For the love of the game

I’ve often thought that our trust issues in United Methodism would be helped with more public thinking by the men and women charged with leading our denomination.

This is why I have always valued Sky McCraken’s blog.

His latest post is a spot on example: A Pastor By Any Other Name — Revisited

The question that emerges for me after reading his post goes something like this: Would I be a pastor if there was no salary, no insurance, and no retirement plan? Would I do it because I was called and for no other reason?

If the answer is yes, then what would that look like?

The answer to my first two questions is “yes.” But I’m not sure what the answer to the third question would could be.

I wonder how you would answer.

Not a bad gig some days

“How do I get that?”

I had been talking to a woman about God. She was convinced that God could never look on her with love. She had done too much that in her own eyes was wrong and unworthy of God.

In all her talk, she had never uttered the word “Jesus,” even though she had talked over and over about her certainty that God “is there.”

So, I asked her about Jesus. She did not know what to say about him. She was not sure how God was Jesus and Jesus was God. It was all confusing. So, we talked about that for a little bit.

Then I talked to her about the fact that God loves us, loves her. I talked about the fact that all of us — me as much as any — fall short of the glory of God. We all are sinners. We all have a list of the ways we fall short of God’s dreams for our lives.

But the good news is this: While we were yet sinners, Jesus Christ died for us.

And I talked about the cross and forgiveness and new life.

I talked about the sense, the assurance, the knowledge that one can have that Jesus Christ loves me and died for me and forgives me, even me, for all sin.

“How can I get that?” she asked.

And so I talked about faith. I talked about trust in Jesus. I talked about it being something that we receive not something we do. I asked her if she would like to pray with me.

“I was going to ask you if we could,” she said.

And so we prayed. We confessed our sin. We asked to be forgiven. We named Jesus as Lord and Savior. We thanked him for all he has done and will do for us. One after the other. Voice after voice.

As she prayed, she cried.

We said “Amen.”

When I saw her the next day we talked about building on that foundation. We talked about finding a church where others could help her continue what had begun.

She said that before she had been seeking relationship with God. She thought she had it. But what she had was not real. It needed drugs and alcohol to keep her numb.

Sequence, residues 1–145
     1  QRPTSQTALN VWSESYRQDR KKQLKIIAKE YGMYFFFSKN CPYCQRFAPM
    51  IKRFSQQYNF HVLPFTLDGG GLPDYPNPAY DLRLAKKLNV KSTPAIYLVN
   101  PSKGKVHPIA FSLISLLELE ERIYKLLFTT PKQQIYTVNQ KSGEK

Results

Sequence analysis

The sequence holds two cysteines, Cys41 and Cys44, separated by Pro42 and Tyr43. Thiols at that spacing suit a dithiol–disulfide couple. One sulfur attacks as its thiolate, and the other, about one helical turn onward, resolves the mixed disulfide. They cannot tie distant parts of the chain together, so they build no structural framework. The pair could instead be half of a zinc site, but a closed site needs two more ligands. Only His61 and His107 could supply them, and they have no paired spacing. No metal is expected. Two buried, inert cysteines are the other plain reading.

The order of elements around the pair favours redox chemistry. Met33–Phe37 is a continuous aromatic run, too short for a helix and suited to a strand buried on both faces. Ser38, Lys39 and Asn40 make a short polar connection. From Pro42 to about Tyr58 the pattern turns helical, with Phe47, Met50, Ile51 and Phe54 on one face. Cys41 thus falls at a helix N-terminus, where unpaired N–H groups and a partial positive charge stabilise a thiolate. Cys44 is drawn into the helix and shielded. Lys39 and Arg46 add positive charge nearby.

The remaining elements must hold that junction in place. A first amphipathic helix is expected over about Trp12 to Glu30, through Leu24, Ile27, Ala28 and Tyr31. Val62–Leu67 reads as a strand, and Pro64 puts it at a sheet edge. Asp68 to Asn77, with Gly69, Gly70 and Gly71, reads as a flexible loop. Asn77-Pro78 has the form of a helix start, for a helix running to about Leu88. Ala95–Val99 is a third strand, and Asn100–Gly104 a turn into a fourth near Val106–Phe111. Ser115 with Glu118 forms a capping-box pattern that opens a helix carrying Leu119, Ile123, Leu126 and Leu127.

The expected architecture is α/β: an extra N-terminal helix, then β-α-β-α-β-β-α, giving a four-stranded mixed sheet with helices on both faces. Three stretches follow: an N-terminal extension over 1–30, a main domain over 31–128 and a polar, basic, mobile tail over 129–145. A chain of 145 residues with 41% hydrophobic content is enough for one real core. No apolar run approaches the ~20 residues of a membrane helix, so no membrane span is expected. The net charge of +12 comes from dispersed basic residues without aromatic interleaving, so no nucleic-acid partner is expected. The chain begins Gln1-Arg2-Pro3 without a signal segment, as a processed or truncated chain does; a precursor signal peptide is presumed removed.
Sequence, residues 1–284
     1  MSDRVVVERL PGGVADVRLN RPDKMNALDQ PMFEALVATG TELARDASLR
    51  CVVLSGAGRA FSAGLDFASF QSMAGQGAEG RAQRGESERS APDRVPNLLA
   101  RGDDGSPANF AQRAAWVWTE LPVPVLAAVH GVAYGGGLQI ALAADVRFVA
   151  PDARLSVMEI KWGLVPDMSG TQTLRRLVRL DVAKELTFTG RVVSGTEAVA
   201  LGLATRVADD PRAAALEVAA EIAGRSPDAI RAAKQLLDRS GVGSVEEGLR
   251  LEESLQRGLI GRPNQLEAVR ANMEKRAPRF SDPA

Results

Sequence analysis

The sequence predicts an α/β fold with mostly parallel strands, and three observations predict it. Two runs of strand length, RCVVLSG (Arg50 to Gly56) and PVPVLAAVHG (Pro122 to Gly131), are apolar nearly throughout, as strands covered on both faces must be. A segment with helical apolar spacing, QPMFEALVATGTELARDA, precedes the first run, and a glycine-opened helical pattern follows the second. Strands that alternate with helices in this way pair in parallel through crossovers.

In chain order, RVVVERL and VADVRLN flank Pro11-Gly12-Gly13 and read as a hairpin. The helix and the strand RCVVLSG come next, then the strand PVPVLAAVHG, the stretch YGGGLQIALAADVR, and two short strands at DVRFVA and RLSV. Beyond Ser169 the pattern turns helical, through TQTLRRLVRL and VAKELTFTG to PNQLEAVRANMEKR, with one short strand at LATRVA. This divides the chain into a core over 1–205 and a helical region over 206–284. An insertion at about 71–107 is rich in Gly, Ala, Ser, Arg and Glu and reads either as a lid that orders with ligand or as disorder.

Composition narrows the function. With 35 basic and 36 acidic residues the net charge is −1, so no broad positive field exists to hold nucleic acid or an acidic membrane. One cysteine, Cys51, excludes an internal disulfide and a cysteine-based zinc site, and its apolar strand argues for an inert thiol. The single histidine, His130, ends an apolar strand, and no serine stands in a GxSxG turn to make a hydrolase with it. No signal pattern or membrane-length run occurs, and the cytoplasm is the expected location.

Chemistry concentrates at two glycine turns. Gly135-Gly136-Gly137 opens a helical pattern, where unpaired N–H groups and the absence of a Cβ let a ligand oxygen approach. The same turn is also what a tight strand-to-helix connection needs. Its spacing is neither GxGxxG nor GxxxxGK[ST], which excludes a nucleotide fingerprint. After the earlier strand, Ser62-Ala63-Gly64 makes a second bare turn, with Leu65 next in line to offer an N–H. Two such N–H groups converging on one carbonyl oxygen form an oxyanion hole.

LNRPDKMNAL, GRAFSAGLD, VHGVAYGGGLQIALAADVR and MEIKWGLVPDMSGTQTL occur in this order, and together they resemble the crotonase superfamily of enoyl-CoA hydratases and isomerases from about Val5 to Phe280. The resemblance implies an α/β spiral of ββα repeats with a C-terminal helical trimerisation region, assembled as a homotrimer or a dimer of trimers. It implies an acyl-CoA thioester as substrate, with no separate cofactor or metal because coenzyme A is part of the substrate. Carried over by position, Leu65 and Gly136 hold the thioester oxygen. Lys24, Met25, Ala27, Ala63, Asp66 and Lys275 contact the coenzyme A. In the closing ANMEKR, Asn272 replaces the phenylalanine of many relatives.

“I know what it means now. I know what it means to have a relationship with Jesus.”

She smiled.

Some days, being a pastor is not at all a bad way to get along in this world.

Seeking to be a good shepherd

Tom Oden in his book Pastoral Theology describes the vocation of a pastor this way:

to know the parish territory, its dangers, its green pastures, its steep precipices, its seasons and possibilities. The pastor leads the flock to spring water and safe vegetation.

This is not the only way he describes the pastoral vocation — and it is worth noting that I do not qualify as a pastor according to his book as I have not been ordained — but it is one that both resonates with me and highlights some of my struggles with our debates in the United Methodist Church.

I am vexed by questions over sexual behavior because I worry about my responsibility to help the people I serve remain safe and to be nourished. I worry about leading them to foul waters and feeding them poisonous herbs rather than life-giving food.

For the better part of 2,000 years, the shepherds who have gone before have pointed to certain inviting pools and warned us that they are not the waters of life, but of death. Now, we are told that the waters they avoided were safe and life-giving all along. The shepherds of the past were wrong. They misunderstood Jesus and the apostles. Drink and be filled.

My prayer is to be a good pastor one day. I seek to learn from the masters of the craft who have come before me. Mostly, I don’t want to lead the sheep to slaughter because I listened to the wrong voices. I want to serve them and help them live as Jesus would have them live.

It would be pastoral malpractice for me to tell the people something is not a sin that is, in fact, one. It would damaging as well to declare something sinful that is not. I am trying to avoid both errors.

Watching on the wall

But if the watchman sees the sword coming and does not blow the trumpet to warn the people and the sword comes and takes someone’s life, that person’s life will be taken because of their sin, but I will hold the watchman accountable for their blood. (Ezekiel 33:6, NIV)

Here is what I worry about. I worry that God really means what he said to Ezekiel and that we pastors are bathing in the blood of those we do not warn.

I guess in question form to my readers, this worry goes something like this: What are the stakes of what we do as pastors?